The NOAA Physical Sciences Laboratory (PSL) conducts weather, climate and hydrologic research to advance the prediction of water availability1 and extremes.
An informed society that uses science-based environmental intelligence to effectively anticipate and respond to the challenges of too much and too little water and other extremes.
Overarching Science Goals
- Develop new knowledge and capabilities to explain and predict observed hydrologic extremes and their impacts to advance NOAA’s mission capabilities.
- Identify new sources of predictive skill and improve predictions of weather and climate processes influencing water availability and extremes through observations, understanding and modeling of the coupled Earth system.
PSL directly engages NOAA’s long-term, strategic goals by conducting purposeful, end-to-end research strengthening and improving NOAA’s abilities to meet evolving national needs.
Collaboration Across ESRL
PSL’s collaboration across the Earth System Research Laboratories brings together integrated expertise in weather and climate physical observations, modeling, analysis and applications. This central focus on physical process research:
- Supports modeling, and computational and display systems development within the Global Systems Laboratory,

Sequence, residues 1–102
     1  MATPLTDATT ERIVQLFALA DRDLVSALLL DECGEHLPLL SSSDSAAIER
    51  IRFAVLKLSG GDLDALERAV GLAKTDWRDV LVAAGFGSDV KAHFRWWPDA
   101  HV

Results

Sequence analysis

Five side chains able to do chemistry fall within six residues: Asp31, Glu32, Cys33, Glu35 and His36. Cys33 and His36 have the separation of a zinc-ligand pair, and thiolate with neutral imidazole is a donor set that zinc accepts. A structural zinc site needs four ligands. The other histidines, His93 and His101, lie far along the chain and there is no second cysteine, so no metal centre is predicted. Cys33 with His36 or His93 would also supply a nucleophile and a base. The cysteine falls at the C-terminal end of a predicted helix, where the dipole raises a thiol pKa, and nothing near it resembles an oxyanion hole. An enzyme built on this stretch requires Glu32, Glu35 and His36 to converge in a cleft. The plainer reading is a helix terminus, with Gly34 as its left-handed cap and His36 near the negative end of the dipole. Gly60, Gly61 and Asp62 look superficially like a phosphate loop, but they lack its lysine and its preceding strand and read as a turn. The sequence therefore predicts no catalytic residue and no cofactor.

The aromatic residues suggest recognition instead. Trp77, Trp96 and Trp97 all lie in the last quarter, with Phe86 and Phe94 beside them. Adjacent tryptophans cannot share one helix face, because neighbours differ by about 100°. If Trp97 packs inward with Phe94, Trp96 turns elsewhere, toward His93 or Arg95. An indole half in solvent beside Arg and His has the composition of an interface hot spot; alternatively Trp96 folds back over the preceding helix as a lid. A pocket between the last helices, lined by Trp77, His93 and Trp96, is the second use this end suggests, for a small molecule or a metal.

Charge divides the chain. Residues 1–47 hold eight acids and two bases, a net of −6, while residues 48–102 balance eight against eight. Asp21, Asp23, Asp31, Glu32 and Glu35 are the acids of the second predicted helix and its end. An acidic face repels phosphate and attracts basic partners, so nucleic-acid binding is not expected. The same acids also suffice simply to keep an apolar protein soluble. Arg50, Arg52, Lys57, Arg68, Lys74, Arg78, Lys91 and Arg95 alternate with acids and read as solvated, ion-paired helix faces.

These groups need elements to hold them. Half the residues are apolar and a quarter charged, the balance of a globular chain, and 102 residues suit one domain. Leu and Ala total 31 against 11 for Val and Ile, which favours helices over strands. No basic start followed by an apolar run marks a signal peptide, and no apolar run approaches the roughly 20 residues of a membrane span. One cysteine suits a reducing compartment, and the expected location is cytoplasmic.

- Helps explain trends and changes in the environment observed by the Global Monitoring Laboratory, and
- Furthers understanding, diagnoses, and prediction of air quality on weather time scales to short-term climate scales and develop an improved understanding for the physical consequences of and interrelationships with current and future chemical states of the atmosphere in collaboration with the Chemical Sciences Laboratory.
On October 1, 2005, the Climate Diagnostics Center, the Environmental Technology Laboratory, and the Aeronomy Laboratory's Tropical Dynamics & Climate Division merged into the Physical Sciences Division of the Earth System Research Laboratories. As part of the transition, the ETL Optical Remote Sensing Divison moved to the ESRL Chemical Sciences Division. This merger brought together a combined expertise in:
- weather and climate dynamics, diagnostic and modeling analyses,
- physical observations, monitoring and related technology development, and
- physical process understanding and research, that will help ESRL meet critical NOAA objectives in climate and weather research.
On April 2, 2020, NOAA designated the four divisions of the Earth System Research Laboratory in Boulder as full laboratories within the NOAA Oceanic and Atmospheric Research line office to meet recent shifts in mission-essential priorities. The Physical Sciences Laboratory and the three other laboratories retained their core research missions, and continue to collaborate closely with each other and other NOAA Research laboratories to improve understanding and ability to predict changes in Earth’s atmosphere, climate and weather.